Robin Farmanfarmaian is a professional speaker, entrepreneur and angel investor actively involved in investing and advancing digital health companies poised to impact large populations. MedTech sat down with Ms. Farmanfarmaian to discuss the future of digital health.
In recent years, venture capitalists, technology developers, and medical providers alike have begun tapping into a long-neglected demographic: women’s health. Dubbed by industry insiders as ‘FemTech,’ the growing sub-market encompasses software, diagnostic tools, wearable trackers, and additional online services that utilize digital technology to improve women’s health.
According to the U.S. Census Bureau, the country’s senior population will nearly double by 2050: effectively becoming 20 percent of the entire population. This substantial growth, coupled with a decreasing physician population, necessitates a wide array of creative solutions to help address growing demands in senior care.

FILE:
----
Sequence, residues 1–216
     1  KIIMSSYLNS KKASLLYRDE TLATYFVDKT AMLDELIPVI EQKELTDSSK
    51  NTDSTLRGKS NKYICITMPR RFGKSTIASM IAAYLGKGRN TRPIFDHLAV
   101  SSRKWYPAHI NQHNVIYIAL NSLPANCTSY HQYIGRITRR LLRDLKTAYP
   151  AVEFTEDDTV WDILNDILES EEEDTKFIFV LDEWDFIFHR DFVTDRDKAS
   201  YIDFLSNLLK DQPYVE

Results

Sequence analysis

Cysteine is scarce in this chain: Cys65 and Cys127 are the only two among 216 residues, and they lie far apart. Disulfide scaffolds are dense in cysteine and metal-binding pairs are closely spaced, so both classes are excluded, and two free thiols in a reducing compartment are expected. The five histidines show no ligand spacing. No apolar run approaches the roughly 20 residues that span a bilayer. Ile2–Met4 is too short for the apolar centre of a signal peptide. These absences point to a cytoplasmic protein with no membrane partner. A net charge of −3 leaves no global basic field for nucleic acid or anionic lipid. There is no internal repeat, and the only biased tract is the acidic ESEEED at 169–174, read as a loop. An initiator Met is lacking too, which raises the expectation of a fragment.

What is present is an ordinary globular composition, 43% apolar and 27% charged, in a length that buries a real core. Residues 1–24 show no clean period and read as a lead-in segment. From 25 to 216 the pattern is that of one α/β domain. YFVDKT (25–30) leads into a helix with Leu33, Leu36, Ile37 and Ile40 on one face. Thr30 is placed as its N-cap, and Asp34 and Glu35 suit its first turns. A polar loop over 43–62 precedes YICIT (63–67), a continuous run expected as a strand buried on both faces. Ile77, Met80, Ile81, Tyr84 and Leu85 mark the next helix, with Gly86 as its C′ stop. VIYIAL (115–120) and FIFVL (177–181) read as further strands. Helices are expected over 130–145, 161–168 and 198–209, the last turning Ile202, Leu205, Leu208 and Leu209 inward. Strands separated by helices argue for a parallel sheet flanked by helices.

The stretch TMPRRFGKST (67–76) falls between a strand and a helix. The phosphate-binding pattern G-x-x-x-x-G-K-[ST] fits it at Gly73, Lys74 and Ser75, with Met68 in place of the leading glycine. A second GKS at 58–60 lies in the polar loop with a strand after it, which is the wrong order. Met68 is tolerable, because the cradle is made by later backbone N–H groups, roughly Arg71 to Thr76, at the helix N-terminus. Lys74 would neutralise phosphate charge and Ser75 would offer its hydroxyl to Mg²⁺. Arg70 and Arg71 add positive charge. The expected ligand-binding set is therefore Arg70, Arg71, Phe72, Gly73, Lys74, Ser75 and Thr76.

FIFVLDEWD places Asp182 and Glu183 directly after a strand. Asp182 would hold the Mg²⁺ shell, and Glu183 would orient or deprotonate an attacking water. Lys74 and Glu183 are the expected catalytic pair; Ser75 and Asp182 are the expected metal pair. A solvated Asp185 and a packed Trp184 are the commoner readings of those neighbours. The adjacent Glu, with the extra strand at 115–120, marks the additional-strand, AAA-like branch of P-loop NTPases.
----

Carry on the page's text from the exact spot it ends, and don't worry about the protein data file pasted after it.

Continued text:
How can hospitals increase capacity without expanding building space, improve physician productivity without adding to work hours, and minimize patient wait-times while increasing the number of incoming patients? A growing number of medical centers claim to have found these solutions through a new, innovative form of digital management: hospital command centers.
“There’s no way you can move toward value-based care without incorporating patient-generated health data,” argues Danny Sands, MD, an internist at Beth Israel Deaconess Medical Center in Boston, Massachusetts, and an assistant professor of medicine at Harvard Medical School. Read More
Who owns a patient’s medical records? While the answer might initially seem both simple and obvious, the truth has proven to be more complicated. While a patient is the subject of his/her medical information, it is customarily the physician who creates and stores a patient’s record.
Since first appearing in the 1960s, electronic health records (EHR) have been developed and adopted for the storage and retrieval of medical documents and clinical information.
Unmanned aerial vehicles (UAVs), better knowns as drones, are being studied for various medical applications, from carrying disaster relief aid to transporting transplant organs and blood samples. When it comes to medical emergencies, each moment is critical to patient survival.